ABN Amro sells Accantia to Duke Street

ABN Amro Capital has sold healthcare products portfolio company Accantia to Duke Street Capital in a secondary buyout worth £225m.

ABN Amro Capital, the private equity unit of Dutch bank ABN Amro, has sold its UK-based healthcare business Accantia to Duke Street Capital, the UK-based buyout firm.

 

Duke Street, investing from its DSC V fund, has agreed to pay £225m for the business, backed by debt facilities arranged by Bank of Scotland Corporate Banking. The firm has backed a management team led by Geoff Percy, CEO, and Peter Hatherly, finance director.

 

ABN Amro acquired Accantia, Smith & Nephew’s feminine hygiene and toiletries business, in mid-1999 – the first significant transaction executed by the firm’s LBO team. The original buyout was financed by £56m of equity provided by ABN AMRO Capital and the management, and £115m of senior and mezzanine loan facilities, arranged and underwritten by Fuji Bank and the Royal Bank of Scotland.

 

Accantia owns Lil-lets, the UK tampon brand and Simple, the UK range of skin care and toiletry products. The business, based in Birmingham, has grown since its management buyout from Smith & Nephew in June 2000 and achieved sales in the year to 31 December 2002 of £96m.

 

The deal came about after Duke Street Capital approached ABN Amro with an unsolicited bid for the business. “We had not embarked on a sale process and were currently in the process of re-leveraging the business,” said ABN Amro director Ian Taylor.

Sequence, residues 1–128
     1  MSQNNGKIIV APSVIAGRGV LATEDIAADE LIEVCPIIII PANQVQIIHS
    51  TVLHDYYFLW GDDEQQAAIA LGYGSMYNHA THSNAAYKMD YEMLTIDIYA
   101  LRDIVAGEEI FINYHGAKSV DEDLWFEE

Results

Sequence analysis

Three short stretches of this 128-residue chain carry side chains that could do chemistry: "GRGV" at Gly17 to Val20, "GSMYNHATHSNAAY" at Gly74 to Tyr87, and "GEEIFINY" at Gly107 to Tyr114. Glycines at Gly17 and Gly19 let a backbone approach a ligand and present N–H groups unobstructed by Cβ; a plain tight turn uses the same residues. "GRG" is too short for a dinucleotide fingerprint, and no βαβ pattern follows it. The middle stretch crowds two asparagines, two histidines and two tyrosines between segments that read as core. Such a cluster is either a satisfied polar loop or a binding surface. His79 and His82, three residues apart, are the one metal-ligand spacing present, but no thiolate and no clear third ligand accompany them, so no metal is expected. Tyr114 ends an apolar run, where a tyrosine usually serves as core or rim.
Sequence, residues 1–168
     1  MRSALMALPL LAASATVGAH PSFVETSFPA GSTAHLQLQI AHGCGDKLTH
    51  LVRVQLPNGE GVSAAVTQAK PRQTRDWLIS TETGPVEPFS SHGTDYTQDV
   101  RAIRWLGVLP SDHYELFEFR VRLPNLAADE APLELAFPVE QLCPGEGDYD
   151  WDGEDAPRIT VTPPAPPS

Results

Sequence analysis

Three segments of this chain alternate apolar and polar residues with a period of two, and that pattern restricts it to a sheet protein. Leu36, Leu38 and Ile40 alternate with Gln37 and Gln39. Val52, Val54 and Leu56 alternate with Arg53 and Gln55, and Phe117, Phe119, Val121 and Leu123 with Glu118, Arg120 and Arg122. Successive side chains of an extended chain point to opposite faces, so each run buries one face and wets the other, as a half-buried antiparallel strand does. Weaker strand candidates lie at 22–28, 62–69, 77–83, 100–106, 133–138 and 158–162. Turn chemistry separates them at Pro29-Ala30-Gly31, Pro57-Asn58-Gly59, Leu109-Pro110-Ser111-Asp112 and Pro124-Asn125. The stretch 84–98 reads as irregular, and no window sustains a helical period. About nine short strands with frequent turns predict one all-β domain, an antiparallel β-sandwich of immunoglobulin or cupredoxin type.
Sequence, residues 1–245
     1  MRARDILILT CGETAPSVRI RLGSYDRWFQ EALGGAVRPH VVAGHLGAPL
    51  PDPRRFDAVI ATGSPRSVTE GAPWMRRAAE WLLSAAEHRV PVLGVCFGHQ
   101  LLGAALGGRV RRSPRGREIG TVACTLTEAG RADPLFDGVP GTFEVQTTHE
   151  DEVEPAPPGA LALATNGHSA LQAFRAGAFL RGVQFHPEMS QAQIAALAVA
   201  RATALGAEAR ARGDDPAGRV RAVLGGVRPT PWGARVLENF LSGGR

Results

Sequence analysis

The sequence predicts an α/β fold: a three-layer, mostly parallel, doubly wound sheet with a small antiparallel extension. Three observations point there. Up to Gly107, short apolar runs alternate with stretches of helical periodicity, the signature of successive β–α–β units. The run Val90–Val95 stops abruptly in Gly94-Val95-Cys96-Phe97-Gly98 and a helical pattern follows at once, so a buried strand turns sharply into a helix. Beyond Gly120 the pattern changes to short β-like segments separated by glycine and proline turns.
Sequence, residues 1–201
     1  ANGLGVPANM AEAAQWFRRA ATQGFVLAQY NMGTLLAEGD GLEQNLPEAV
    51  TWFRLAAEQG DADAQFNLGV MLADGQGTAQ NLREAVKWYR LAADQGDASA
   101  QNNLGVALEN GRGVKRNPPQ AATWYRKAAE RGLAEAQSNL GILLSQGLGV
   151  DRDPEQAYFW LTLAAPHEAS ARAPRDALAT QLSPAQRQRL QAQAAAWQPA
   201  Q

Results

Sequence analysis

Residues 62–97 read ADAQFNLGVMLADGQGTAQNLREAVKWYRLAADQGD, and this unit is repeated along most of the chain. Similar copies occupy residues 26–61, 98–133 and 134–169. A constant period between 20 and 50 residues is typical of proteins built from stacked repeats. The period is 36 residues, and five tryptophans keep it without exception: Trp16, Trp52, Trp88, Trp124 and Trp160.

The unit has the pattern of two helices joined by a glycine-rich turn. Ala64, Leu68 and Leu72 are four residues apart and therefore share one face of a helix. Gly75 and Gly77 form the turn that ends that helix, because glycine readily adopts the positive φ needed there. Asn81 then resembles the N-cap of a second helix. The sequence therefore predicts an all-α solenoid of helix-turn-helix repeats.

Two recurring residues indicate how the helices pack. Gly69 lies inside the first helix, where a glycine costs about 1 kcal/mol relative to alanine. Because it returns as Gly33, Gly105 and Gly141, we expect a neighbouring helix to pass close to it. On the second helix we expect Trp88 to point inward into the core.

ABN Amro Capital has not disclosed details of the return on investment although a source close to the firm said the sale would generate a return of more than 30 per cent IRR.

 

“Duke Street Capital believes that with the commitment of our financial and operational support, Accantia, led by one of the most experienced management teams in the sector, will achieve significant growth and a good return on our investment,” said Tim Lebus, director of Duke Street Capital, in a statement.

 

Duke Street was advised on the transaction by McQueen. NM Rothschild acted as advisor to ABN Amro Capital.

 

The deal is the first large disposal for ABN Amro since the buyout business was set up. “We are close to completing a further buyout and on the whole we remain a net buyer of assets,” Taylor commented. Last month, the firm paid E555m to acquire garden equipment manufacturer Global Garden Products, in a secondary buyout from UBS Capital.